A bill that would have forced some small Iowa schools to close down and merge with a neighboring district has failed to clear even an initial hearing in the Iowa Senate. The legislation called for closing any district with fewer than 750 students.

Senator Brian Schoenjahn, a Democrat from Arlington who is a retired school teacher, was on a three-member panel that killed the bill. “If you have several rural districts that are in declining enrollment, which 90 percent of our schools are, it doesn’t make a lot of sense to combine and then you have a large district with declining enrollment,” Schoenjahn says. “What have we solved?’ According to Schoenjahn, it’s up to local school boards to make consolidation decisions, not the state legislature.

“School districts in rural Iowa are rapidly changing their through delivery of instruction and through distance ed, regional academies, collaborations — we’re seeing a whole transformation going on out here,” Schoenjahn says. “And they’re doing a good job of it themselves.”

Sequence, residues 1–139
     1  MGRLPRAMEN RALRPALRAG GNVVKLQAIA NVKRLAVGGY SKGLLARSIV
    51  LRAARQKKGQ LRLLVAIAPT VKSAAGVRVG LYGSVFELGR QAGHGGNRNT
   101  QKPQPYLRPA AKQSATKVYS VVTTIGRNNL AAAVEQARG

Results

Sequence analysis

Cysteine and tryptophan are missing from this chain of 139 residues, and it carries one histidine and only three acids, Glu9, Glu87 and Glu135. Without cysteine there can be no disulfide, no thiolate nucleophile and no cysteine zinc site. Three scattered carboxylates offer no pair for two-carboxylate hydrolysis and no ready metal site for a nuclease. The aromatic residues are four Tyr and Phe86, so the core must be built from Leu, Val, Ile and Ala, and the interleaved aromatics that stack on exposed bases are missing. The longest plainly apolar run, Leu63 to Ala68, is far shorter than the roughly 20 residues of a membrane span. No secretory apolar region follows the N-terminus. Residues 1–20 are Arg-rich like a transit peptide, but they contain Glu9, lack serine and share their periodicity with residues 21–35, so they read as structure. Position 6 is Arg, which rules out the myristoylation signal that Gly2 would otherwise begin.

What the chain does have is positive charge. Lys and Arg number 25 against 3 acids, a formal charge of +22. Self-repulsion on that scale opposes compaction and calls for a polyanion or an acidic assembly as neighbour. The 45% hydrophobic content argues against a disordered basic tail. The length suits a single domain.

Senator Nancy Boettger, a Republican from Harlan, joined Schoenjahn in voting down the bill. She says “tweaks” are fine, but massive changes should wait until after the governor’s “summit” on education this summer. “I think it’s premature to make those demands on school districts right now and to say, ‘At this level, you must consolidate,’ and we can’t have kids riding buses two hours,” Boettger says.

“I mean, I had my kids on the bus for an hour just in the Harlan Community District and they’re throwing up by the time they get to school.” The bill also called for having just one superintendent in each of Iowa’s 99 counties.

Senator Matt McCoy, a Democrat from Des Moines, is the bill’s sponsor, and he was livid after the bill’s defeat. “I think the savings is there and they demonstrated today that they’re going to let their parochial, rural interests dictate what they’re going to do as an education committee,” McCoy said. McCoy argues too much state money is being spent on too many small schools.

“But, ultimately, it’s the kids that end up paying,” McCoy said. There are 359 public school districts in Iowa today, with a total enrollment of nearly 474,00 students.